Marilyn Moore, daughter of Monsieur and Leona Edwards Moore, has spent her entire life on the Moore Ranch and in Dewey, Oklahoma. She and her husband, Kenneth Tate, operate a part of the Moore Ranch at this time. Marilyn grew up in jeans and cowboy shirts. She rode with the cowboys, helped work cattle, rode fence and repaired it. She was a hand along with the cowboys in all facets of the ranch work. Marilyn never met a stranger in her lifetime and knew almost everyone in the area on a first name basis. Her father, Monsieur, was very active in horse and cattle circles. He was president of the American Quarter Horse Association, one of the founders of the National Quarter Horse Show and was the founder of the Junior Quarter Horse Show. The Monsieur Moore Quarter Horse Show at Dewey has been of National honor for many years.
Kenneth Tate, Marilyn’s husband, too has roots deep in Indian Territory. His grandfather, Nathan E. Tate, was born in Missouri and lived in Centralia and Sedan, Kansas before locating in the Indian Territory in 1902. He married Hattie Sanders, who was born in 1887 in the forks of Caney River four miles northwest of Dewey. Their son, PW “Bill” Tate, married Ruby Hawkins, the daughter of Rube Hawkins, another early family. Bill Tate formed a dairy route in Bartlesville in the late 1920s. He delivered the bottled milk that he purchased from the Bynum and Lemon Dairies. In 1933, Bill Tate established the Quality Dairy in Bartlesville and operated it until 1948, then worked for Reda Pump until his retirement.
Kenneth Tate, the son of PW Tate and Ruby Hawkins Tate, was born in Bartlesville. He grew up in farming and dairying but he had developed an interest in trucking and entered into the trucking business in 1960. He retired from the trucking business but continues to ranching and developing Prairie Song IT Village.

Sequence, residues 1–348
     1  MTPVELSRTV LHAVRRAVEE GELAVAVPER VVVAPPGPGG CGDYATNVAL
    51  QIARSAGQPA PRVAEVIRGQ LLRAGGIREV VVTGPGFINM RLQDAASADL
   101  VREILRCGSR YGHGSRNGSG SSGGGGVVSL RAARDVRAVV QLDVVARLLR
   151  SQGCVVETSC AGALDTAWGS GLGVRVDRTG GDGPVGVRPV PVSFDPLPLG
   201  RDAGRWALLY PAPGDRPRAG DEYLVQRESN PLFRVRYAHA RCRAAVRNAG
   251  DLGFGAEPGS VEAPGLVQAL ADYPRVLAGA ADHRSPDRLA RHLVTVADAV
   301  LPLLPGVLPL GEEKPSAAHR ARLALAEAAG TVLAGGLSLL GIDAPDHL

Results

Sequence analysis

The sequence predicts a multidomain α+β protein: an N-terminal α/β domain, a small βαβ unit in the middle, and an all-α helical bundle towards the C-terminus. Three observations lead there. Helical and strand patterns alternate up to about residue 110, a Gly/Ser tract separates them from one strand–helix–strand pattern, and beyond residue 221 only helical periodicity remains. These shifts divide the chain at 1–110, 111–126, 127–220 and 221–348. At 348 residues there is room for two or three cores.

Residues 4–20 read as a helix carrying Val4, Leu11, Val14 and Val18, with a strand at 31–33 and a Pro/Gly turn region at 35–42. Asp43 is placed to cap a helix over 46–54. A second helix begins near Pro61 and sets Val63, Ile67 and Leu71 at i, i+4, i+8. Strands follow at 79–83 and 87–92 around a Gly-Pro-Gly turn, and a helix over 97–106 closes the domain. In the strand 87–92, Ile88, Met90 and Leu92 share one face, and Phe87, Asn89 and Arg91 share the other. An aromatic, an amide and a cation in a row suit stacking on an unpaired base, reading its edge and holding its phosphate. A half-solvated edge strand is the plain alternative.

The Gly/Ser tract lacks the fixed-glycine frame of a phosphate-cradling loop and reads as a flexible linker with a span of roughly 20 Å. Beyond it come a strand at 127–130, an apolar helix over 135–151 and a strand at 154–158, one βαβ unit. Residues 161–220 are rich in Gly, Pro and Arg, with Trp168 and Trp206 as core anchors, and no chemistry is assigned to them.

At this writing, Kenneth and Marilyn Moore Tate have six children together, three each from former marriages. Kenneth has three sons: Kenny, Larry, and Mark Tate, and five grandchildren. Marilyn had three children: Sherman Lucas, Linda Lucas Peale, and Larry Lucas, who were killed in an airplane crash while in high school. She has two grandchildren, Justin Lucas, and Rachel Peale.
Marilyn and Kenneth had a dream of building a retreat on the ranch near Hogshooter Creek. After a time of planning and looking, they constructed a large log house at the edge of the woods on the prairie, where they had a view of the surrounding area for miles. The retreat created interest in visitors coming to enjoy the retreat and the tremendous prairie location.
Interest developed plans into expanding the site into a homestead setting and as more log buildings were constructed, it was called Hogshooter Homestead.
The prairie setting was so impressive that they added log buildings and changed the name to Prairie Song, IT It has grown into a major tourist attraction, greeting folks from many states. In addition, the old-time western town has grown to include a Saloon, Post Office, General Store, Jail, School House, Chapel, Doctors Office, Stables and much more. All of the buildings were designed and built from Kenneth’s vision, with his own hands. Marilyn filled each
building with beautiful 19th century antiques, designed the interiors and arranged the displays areas. Song Catcher Hall creates a unique, one of a kind wedding or event experience. And, from 2004-2019 Prairie Song was host of the annual Western Heritage Weekend with Cowboy Church and a Wild West Show.